Hair loss can be caused by a number of different factors and there is not one defined cause. Your hair could be falling out for a number of different reasons, including hormones, genes, age and stress. Your lifestyle, including your diet, where you live, alcohol intake and how much you sleep can all play a part in your hair loss. Sometimes it can be hard to determine why exactly you are experiencing hair loss, so we’re going to take a look into hair loss and see if mental health could have anything to do with it.
Some of the symptoms to prove that you are experiencing depression could be hair loss. The hair may become dry and can break off easily. The physiological states of depression such as low mood, discouragement, low self-esteem and feeling drained can be a factor in reducing the hair growth phase, leading to hair loss.
Certain medicines that you take if you suffer depression can have hair loss side effects, such as Prozac. If you’re worried about the side effects of your medication talk to your GP about changing medication.
If your anxiety isn’t severe, then you will most likely not experience hair loss, however if it is severe you will most likely experience a significant amount of hair loss.
Anxiety and stress are technically two separate conditions, however, they do overlap. The key issue between anxiety and hair loss is stress. In a lot of ways, anxiety is long term and persistent stress, which can affect the growth phase of your hair.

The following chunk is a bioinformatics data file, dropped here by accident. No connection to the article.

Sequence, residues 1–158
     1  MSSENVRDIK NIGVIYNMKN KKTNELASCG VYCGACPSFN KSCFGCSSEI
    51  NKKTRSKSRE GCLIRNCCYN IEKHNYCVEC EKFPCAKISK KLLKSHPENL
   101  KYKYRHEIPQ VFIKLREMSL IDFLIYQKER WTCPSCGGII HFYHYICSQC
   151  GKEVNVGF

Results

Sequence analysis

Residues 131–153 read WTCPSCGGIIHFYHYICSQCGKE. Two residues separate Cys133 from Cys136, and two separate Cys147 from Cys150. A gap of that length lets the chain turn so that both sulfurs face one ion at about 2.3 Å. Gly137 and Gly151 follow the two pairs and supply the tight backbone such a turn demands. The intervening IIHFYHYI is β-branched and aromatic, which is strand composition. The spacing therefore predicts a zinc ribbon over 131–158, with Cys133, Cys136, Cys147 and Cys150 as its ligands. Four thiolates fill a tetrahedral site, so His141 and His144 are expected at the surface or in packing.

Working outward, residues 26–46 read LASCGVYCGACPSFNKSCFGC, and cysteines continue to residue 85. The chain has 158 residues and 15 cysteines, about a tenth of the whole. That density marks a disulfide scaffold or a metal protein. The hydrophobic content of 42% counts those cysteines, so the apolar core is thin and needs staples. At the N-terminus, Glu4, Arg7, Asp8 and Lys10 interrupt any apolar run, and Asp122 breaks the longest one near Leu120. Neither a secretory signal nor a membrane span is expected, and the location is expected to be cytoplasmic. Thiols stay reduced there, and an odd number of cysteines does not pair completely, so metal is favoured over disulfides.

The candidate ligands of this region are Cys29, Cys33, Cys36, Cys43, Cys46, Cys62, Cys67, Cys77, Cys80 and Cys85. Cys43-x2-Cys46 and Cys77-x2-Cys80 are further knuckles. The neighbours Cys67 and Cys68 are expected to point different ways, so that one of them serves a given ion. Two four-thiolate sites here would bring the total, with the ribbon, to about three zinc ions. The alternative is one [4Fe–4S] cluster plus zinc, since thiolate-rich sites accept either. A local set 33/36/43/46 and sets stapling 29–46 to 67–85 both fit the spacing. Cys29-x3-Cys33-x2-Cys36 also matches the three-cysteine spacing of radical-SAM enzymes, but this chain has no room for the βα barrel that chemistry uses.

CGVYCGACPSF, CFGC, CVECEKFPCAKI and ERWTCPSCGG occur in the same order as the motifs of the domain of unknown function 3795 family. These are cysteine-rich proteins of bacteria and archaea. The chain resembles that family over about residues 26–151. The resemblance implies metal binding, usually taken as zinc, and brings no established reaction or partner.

Chronic Stress –
Stress is one of the main causes of hair loss. Emotional stress can significantly slow, or even stunt your hairs normal growth cycle. Once the hair has stopped its growth cycle it lies dormant and eventually sheds after around two months. In most cases, it is the stress that will cause you to lose hair. The most common type of stress-induced hair loss is telogen effluvium, which is not permanent and your hair can grow back.
Can my hair loss be treated?
Hair loss caused by mental health issues can in most cases be treated. The underlying problem of hair loss for most mental health issues is stress. Stress related hair loss, in most cases, stops it’s growth phase during a stressful period and causes the hair to shed. If the stress continues, the hair continues not to grow. However, if the stress does stop, your hair will resume its normal growth phase and after a month or so you’ll notice your hair loss would have stopped and new hair will begin to grow. Other factors, such as side effects from medication can’t be stopped, however, it is a possibility that you can talk to a GP about changing to medications that have different, and maybe fewer side effects.